What’s Different About Fog Computing Architecture?
As we covered in a recent post, previous approaches to data processing have traditionally been broken down along geographic lines: on-site servers, and off-site data centers, the latter of which has morphed into the monolithic cloud industry we’re used to today. While each offers its own benefits, both on-site and cloud computing are inflexible in their own way: on-site being expensive, difficult to manage and scale, and cloud being geographically distant for connected devices that need near instant data processing.
Modern fog computing infrastructures address those pitfalls by making available a continuum of compute that spans device to cloud. Instead of being tethered to either end, Software Publishers can leverage the speed and bandwidth of local compute for traffic-heavy IoT, for example, and the relative affordability of the cloud for longer-term use cases like machine learning. In between, a spectrum of processing power can be consumed on demand, used for its varying properties of speed, availability, bandwidth, cost.
Where does the compute in “fog computing” come from?
Fog computing provides a ‘best of both worlds’ architecture by filling in the gap between on-site and cloud, but where does that compute come from?
Some fog (or its relative, edge computing,) architectures involve purchasing additional fog or edge nodes that are placed closer to devices that need compute. A distinguishing feature of ActiveAether’s fog computing architecture is that it leverages untapped power on the devices that are already located there.
By installing ActiveAether, any computer owner can act as a “host provider”, renting out idle processing power on the computers in their offices, homes, even under-utilized data centers in the same way Amazon or Microsoft rent out processing power on the computers they own. ActiveAether facilitates payment (through FogCoin) to Host Providers for their contribution when their resources are used, and Host Providers are able to offer competitive pricing because they’re simply making better use of a resource they already own.
What’s different about how services are deployed in the fog?
Resources on the Internet are typically identified with a URL — a static physical endpoint which, for any number of reasons, may be temporarily (or permanently) unavailable. The use of URLs promotes the development of non-portable, tightly-coupled, and platform-specific applications which, in one fell swoop, negates all of the benefits of the Web Services model.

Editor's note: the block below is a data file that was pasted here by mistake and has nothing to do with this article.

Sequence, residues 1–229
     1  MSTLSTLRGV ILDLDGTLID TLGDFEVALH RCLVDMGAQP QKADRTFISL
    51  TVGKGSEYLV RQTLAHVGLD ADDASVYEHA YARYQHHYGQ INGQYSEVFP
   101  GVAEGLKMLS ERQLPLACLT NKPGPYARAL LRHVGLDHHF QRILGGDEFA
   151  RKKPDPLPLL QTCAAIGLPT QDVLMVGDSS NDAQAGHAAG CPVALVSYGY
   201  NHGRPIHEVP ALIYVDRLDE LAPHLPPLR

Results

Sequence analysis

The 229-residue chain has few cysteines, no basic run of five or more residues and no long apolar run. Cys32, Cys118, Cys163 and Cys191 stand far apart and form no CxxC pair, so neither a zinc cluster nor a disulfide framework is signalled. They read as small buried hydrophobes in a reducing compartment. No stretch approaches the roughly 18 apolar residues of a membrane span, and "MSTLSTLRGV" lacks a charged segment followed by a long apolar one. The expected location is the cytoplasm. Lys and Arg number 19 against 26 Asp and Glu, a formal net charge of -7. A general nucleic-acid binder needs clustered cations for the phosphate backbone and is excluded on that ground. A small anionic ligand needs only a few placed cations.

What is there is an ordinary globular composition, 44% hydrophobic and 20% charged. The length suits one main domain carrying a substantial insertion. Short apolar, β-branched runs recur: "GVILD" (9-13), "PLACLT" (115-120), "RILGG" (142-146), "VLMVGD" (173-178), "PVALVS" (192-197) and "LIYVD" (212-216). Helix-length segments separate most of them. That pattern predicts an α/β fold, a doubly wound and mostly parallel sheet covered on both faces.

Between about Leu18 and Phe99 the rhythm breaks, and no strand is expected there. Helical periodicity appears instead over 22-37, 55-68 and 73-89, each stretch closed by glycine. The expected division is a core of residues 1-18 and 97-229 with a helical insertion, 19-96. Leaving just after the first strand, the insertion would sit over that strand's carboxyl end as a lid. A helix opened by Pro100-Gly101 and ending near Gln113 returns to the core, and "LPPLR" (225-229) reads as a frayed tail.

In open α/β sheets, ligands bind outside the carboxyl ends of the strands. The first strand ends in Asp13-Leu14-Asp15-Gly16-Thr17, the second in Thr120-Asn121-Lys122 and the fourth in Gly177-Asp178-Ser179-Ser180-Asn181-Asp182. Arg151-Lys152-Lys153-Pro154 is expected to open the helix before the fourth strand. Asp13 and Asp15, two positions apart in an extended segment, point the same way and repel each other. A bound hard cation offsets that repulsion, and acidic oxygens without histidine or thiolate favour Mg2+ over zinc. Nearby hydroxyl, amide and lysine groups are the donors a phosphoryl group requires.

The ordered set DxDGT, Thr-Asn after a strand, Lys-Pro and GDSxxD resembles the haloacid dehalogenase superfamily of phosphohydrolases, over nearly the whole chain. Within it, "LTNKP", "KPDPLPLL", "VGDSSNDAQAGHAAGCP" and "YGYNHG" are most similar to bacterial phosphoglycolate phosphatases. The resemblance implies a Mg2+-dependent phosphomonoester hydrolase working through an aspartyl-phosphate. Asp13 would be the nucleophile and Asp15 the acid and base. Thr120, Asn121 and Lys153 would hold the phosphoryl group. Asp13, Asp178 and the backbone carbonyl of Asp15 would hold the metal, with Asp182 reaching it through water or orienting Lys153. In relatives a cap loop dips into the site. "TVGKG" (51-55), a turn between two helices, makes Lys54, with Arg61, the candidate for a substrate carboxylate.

With ActiveAether, software services are instead identified with a URI, abstractly describing a service which at any point in time may have zero or more active endpoints. This relieves the consumer from the tasks of locating and binding to software service endpoints through the introduction of a mechanism which robustly performs these tasks on their behalf.
All Software Publishers need to do is upload their service and its requirements, and ActiveAether will take care of where and when services are deployed. That orchestration functionality is what enables software services to be matched with any number of ideal Host Providers within ActiveAether’s fog platform dynamically, instead of being written to one stagnant location in either an on-site or cloud data center.
Publishing Software to a fog computing platform
In order to provide a software service today, one must be able to write software, have access to an internet-facing server, know how to set up and configure that server, deploy the service, monitor it for liveness and responsiveness, and then manage and maintain the system in perpetuity. This is far too heavy a set of burdens for any one role, and requires far too much domain-specific knowledge for any individual to do everything well.
ActiveAether splits the traditional Service Provider role into two separate roles: Host Provider and Software Publisher. In this way individuals may provide hosting resources and well-configured environments, or may simply write software, but they don’t have to know how to do both well in order to participate in the provision of software services.
Get Started with Fog Computing
Fog computing is already providing much needed flexibility for today’s exciting, compute-heavy trends like IoT and Machine Learning. But enabling Software Publishers to automatically and efficiently deploy web services is a upside in any vertical. The same is true for ActiveAether’s Host Providers, who are earning revenue simply by renting out resources on devices they own anyway. As more of the services we interact with daily are deployed in the fog, we’ll all benefit from a less consolidated internet, that won’t be crippled by one downed Amazon data center.
If you’re a Software Publisher interested in leveraging the fog, get started by signing up with ActiveAether now! If you’re a computer owner, register here as a Host Provider for more information on renting out your processing power in ActiveAether’s global marketplace for compute.